When I suggested System Of A Down, only one other member of the creative team even knew the band I was suggesting.

I would submit to you that if WWE wants to attract a new generation of fans, they need to understand what’s moving pop culture today, and who is on the horizon for tomorrow.

In the same light, how is a roomful of people who only understand what it takes to avoid Vince’s irritability going to pitch ideas that break through today’s Attention Deficit Disorder viewing habits?

How is a group that as a whole is trained to shift gears the moment Vince doesn’t relate to the concept going to be able to introduce a new, youth-oriented movement?

If WWE wants to truly shake up the system, here’s a suggestion…

Find three people within the ranks who can identify with today’s youth, or who at least keep up to date on the trends.

If someone says “The Jonas Brothers are hot,” show them the door.

The Jonas Brothers may get 17 gazillion views on their MySpace or Facebook pages, but they don’t appeal to a male audience.

What would it hurt for Vince to sit down with Rey Mysterio and say: “Come back to me in a week with an outline for the top three storylines all the way to Royal Rumble.”

How can it be bad for Vince to offer someone like The Miz, who obviously keeps his finger on the pulse of today’s contemporary beat, and offer him a small bonus to come with new ideas for names, instead of this moronic, counter-productive movement to rip-off other genres like Kenny Dykstra and Dolph Diggler.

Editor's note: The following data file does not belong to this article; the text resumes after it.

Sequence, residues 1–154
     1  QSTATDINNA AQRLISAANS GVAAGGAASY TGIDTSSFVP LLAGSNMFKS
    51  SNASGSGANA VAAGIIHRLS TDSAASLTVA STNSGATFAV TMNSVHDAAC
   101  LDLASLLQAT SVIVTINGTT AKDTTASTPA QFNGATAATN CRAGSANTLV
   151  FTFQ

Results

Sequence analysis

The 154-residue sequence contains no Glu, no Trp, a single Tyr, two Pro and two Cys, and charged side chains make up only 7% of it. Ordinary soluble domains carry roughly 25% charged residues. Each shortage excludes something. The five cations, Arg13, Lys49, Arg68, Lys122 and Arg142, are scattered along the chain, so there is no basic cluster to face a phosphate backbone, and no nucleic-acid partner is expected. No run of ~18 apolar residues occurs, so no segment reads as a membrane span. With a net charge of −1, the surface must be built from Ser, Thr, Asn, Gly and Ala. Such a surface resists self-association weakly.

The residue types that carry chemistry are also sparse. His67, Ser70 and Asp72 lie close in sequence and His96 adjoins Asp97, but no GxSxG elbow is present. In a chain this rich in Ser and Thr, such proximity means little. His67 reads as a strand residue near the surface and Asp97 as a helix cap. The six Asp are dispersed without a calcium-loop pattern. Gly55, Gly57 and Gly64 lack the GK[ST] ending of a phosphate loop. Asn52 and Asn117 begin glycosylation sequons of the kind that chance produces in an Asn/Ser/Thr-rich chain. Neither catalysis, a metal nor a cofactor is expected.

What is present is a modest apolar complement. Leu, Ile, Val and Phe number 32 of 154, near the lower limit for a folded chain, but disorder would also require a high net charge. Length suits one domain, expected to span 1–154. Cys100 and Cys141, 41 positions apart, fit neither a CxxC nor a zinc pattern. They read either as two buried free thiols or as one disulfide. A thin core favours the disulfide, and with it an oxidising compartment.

Why not go out on a limb and try some creativity and unique branding so the audience can really get behind someone as their own?

Is it inconceivable that Cody Rhodes or John Morrison would have some suggestions on how to spruce up a new persona with some creative fashion designs?

Once Vince gets some ideas from Rey or the Miz or whomever, then he can take these ideas to the creative team and challenge them, indeed charge them with embellishing on the new, youthful, non-traditional concepts.

The problem is that WWE, from the conception to the implementation of all ideas is in a rut because everything is based on AN AUDIENCE OF ONE.

And that “one” is Vince McMahon.

Get some ideas from people who don’t know what Vince likes and doesn’t like and you may just get an opinion that shakes up the system.

Otherwise how is the current stagnant product going to evolve into a fun commodity to watch and follow and spend money on?

What’s the catalyst that’s going to usher in some new wave of WWE Universe-friendly fandom? Everything in the current system is “in the box”.

Time to go outside that box, rope in some really radically different, exhilarating concepts and pour that WWE magical promotional formula all over it…

And end this era of the yawnfest that has now become today’s product.

Of course, we’re HustleTweeting about Anderson vs Angle, and you’re more than welcome to join the conversation by following the Hustle on Twitter HERE or write to us directly at

You can also subscribe (for FREE, cheapos, absolutely FREE) to our Ultra High Quality YouTube Channel HERE, and don’t forget to check out our old school social networking skills by visiting us on Facebook HERE and even on MySpace HERE